Being a hiring manager is not an easy job to do. What to look for in a candidate?
Your company is growing rapidly, and you’re desperately looking to fill in the gaps as quickly as possible. However, putting the wrong people in those positions could ultimately end up costing even more. You need to base your decisions on your own (or the hiring team’s) thoughts which can ultimately determine whether your company is going to be successful or not in the long-run. Therefore its a tough decision to make and you need to know what to look for in a candidate before creating that job ad.
No, not every new hire has to be ecstatic about your products/services. Great news if they are but especially if you are a new/small business, it is less likely for candidates to know who you are before they Google you.
Therefore, you should focus on their research regarding your business and the products/services you offer. The old-fashioned “why do you want to work for us” may (or may not) give you an answer. The following 4 things are a good starting point to make a checklist on what to look for in a candidate;
Try and think of your company’s values, what a typical day looks like and whether the candidate would be a good fit for the culture of your company. A good way of knowing that is by having a relaxed conversation with the candidate. Walk them through your offices, show them around and ask them how they are finding it. If possible, conduct the interview outside. Research has shown that an interview conducted in an open space can help candidates feel more relaxed and open towards their personality.
Therefore, you can get a better idea of the candidate’s characteristics and whether that will match your own company’s culture.
Research on the companies that the candidate has previously worked at. Were they big/small? How do their social media pages look like? Similarities or disparities may give you an indication of whether they will be a good fit for you. Do not assume that a different company culture will not help the candidate adapt to your own culture. It is likely to prove beneficial as the candidate will bring in different ways of communicating and doing business.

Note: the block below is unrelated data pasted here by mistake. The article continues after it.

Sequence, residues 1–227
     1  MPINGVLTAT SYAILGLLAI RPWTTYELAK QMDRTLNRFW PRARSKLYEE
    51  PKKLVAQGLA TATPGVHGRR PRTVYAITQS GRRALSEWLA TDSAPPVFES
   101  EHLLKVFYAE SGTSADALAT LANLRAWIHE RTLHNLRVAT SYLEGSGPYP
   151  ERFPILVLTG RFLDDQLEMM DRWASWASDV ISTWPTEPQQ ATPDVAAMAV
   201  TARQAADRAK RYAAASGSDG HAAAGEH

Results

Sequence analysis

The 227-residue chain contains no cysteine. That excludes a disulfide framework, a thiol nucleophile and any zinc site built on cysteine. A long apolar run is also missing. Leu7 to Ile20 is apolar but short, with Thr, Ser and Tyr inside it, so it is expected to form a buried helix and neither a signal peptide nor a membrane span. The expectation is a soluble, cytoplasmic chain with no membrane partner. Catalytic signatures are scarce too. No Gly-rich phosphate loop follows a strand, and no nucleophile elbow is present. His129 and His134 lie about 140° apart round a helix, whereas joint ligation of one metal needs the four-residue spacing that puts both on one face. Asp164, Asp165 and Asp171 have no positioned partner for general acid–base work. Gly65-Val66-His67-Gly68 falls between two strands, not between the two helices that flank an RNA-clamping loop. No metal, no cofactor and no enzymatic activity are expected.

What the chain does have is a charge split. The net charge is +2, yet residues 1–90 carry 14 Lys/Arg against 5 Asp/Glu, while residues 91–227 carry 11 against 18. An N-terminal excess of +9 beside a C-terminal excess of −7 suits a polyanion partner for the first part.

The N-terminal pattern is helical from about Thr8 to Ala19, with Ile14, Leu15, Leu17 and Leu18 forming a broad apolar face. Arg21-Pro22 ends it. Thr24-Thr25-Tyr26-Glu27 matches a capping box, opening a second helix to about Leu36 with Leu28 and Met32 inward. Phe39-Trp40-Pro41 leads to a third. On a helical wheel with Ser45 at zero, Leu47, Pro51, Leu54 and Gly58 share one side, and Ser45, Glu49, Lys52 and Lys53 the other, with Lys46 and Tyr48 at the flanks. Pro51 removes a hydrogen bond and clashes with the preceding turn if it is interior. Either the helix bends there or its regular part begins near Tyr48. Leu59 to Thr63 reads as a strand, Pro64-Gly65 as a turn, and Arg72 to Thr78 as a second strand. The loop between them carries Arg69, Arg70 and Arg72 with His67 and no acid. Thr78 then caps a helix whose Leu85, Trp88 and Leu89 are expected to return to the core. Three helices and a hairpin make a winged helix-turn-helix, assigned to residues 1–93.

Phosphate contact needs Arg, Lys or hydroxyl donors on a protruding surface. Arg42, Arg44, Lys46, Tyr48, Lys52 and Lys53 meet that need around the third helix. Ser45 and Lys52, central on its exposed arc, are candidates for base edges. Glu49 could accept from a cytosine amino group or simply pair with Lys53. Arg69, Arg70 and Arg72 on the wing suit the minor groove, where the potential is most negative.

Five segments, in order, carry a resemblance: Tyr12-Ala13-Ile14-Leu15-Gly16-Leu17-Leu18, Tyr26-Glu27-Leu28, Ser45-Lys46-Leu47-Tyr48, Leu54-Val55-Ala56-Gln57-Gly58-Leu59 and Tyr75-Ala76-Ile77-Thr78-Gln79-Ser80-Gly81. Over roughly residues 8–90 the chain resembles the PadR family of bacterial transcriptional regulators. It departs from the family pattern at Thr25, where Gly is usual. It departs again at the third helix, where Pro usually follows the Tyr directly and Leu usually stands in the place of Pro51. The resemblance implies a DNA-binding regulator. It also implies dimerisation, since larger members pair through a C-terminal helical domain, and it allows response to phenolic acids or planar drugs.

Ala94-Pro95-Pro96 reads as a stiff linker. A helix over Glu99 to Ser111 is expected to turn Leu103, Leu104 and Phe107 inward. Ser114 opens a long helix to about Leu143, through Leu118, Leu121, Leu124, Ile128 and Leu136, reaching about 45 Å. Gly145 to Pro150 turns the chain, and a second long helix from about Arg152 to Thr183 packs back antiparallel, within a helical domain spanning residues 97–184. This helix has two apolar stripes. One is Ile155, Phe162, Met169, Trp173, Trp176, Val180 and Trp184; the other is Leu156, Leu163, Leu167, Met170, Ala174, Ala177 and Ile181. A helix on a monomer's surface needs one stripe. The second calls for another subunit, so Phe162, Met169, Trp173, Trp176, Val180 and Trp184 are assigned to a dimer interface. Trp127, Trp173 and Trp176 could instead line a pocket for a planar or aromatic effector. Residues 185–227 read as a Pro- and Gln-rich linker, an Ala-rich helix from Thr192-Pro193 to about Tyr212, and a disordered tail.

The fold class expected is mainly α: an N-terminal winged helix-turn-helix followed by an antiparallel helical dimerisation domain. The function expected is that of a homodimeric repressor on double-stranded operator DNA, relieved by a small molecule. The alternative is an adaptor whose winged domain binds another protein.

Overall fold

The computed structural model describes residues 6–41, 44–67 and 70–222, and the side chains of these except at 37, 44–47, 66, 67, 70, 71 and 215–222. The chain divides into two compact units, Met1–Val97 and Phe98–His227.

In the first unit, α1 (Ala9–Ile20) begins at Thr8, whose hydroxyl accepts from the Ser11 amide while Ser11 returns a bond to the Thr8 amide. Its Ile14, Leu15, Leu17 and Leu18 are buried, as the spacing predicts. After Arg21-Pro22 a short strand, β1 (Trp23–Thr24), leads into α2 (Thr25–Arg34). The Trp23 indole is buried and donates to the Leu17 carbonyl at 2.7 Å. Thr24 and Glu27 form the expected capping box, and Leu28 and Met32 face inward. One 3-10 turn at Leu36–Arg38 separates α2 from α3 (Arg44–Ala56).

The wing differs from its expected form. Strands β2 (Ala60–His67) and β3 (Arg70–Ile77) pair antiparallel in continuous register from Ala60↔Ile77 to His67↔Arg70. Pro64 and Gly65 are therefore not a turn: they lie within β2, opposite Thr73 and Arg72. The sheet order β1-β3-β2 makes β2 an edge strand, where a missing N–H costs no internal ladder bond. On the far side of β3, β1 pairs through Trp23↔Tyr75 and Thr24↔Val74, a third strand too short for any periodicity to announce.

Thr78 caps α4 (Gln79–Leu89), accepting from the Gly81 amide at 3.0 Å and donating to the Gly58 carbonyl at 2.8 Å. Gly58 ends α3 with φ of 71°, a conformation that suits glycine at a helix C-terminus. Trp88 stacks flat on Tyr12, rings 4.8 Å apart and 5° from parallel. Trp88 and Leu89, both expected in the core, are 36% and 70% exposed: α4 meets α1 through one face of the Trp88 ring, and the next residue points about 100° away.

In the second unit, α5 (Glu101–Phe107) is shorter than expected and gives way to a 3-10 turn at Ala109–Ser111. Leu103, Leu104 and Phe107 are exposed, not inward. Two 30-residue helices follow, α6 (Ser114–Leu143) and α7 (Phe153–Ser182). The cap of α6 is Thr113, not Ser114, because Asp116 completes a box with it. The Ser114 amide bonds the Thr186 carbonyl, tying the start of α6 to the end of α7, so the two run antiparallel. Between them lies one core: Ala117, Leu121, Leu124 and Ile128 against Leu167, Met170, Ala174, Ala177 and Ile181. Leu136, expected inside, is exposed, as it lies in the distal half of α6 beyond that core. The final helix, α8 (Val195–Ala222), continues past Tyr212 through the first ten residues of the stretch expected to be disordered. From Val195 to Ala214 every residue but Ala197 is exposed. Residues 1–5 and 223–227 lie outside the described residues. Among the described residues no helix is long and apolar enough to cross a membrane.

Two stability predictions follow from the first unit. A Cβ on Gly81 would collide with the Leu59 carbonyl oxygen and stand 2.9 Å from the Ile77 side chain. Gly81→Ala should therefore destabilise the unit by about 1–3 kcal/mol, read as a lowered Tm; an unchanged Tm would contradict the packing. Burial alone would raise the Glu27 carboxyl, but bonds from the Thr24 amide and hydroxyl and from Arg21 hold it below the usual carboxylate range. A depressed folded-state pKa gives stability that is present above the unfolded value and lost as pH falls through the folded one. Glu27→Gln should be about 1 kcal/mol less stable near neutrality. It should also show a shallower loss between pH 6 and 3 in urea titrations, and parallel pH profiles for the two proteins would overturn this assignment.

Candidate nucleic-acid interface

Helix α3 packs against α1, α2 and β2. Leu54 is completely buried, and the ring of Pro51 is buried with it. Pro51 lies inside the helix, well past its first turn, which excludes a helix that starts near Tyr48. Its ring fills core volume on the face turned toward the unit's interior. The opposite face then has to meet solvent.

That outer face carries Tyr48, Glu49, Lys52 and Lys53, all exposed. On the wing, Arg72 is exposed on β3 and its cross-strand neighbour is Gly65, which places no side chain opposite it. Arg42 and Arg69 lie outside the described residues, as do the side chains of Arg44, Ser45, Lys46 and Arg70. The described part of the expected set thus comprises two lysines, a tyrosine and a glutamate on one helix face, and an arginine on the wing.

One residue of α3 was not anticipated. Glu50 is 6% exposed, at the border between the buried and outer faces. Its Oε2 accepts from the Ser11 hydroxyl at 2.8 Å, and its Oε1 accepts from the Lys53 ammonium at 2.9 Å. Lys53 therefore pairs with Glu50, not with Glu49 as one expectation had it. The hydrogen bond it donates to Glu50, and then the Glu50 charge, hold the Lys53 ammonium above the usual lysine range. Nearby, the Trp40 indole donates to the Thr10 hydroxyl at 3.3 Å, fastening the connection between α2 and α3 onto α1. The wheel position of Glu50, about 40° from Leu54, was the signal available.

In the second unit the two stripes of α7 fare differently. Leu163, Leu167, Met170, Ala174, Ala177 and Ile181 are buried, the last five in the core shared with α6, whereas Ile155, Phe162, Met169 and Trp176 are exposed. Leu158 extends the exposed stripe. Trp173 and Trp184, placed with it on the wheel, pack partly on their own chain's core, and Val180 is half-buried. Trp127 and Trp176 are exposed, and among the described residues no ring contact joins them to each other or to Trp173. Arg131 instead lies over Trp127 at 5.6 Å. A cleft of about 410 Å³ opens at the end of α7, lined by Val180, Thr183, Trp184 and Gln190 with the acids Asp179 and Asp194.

Is the candidate changing jobs frequently? What’s the reason for leaving? Or what was the reason they stayed for so long on that role? What they liked most/least? If your company does not offer the candidate the benefits and work environment they need to prosper, they are probably going to leave the role in a few months time. As long as the candidate was not involved in any bad behaviours causing them to leave their previous role you should not think that short-term employment is a no-go. Ask for recommendations from former employers or industry peers. In today’s business world, employees (and employers) have more needs so changing jobs may not be an indication the candidate is not good.
Understanding why the candidate stayed on their previous role for a certain period can indicate whether you can offer a similar or better working environment. Therefore, loyalty is dependant on both the candidate and the client.
In today’s economy, flexibility is highly crucial. Customers can switch to another brand with the click of a button. Flexibility refers to the ability to adapt to different circumstances/people and be able to handle unforeseen events with a sense of calm and grace. You should look for details that show a candidate’s willingness to take on diverse and increased responsibilities.
Is the candidate switching off jobs often? Try to determine whether the candidate has been able to achieve their goals and how they progressed through their role. Ask them upon that.
We all know candidates often lie on this type of questions so try and ask them of a time where their goals were not achieved and what did they do to resolve this? The thinking process of the candidate and the way they describe the situation will give you an idea of their level of focus during the interview.
How did the candidate grow on their previous role? Were they involved in different aspects of the business? Did they make their previous role(s) “their own”? How did they manage to do so?
Even if the candidate’s goals were not achieved, how was their progression? Many times achieving your goals within a business can rely on other factors (such as colleagues/environment) and therefore you should focus on the candidates ability to grow and progress under each task. Statistics and results on referencing accomplishment like growth percentages can indicate an analytical and results-focused candidate. Although many times progression refer to personal development. How did the candidate growth? What skills they gained? How did co-worker relationships helped the candidate develop their interpersonal skills? What changed?
Hiring new talent is an investment. You need to know what to look for in a candidate; if your hiring process is well-thought, you are going to hire people who are hopefully going to stay for a long time with you and have a positive influence to your business.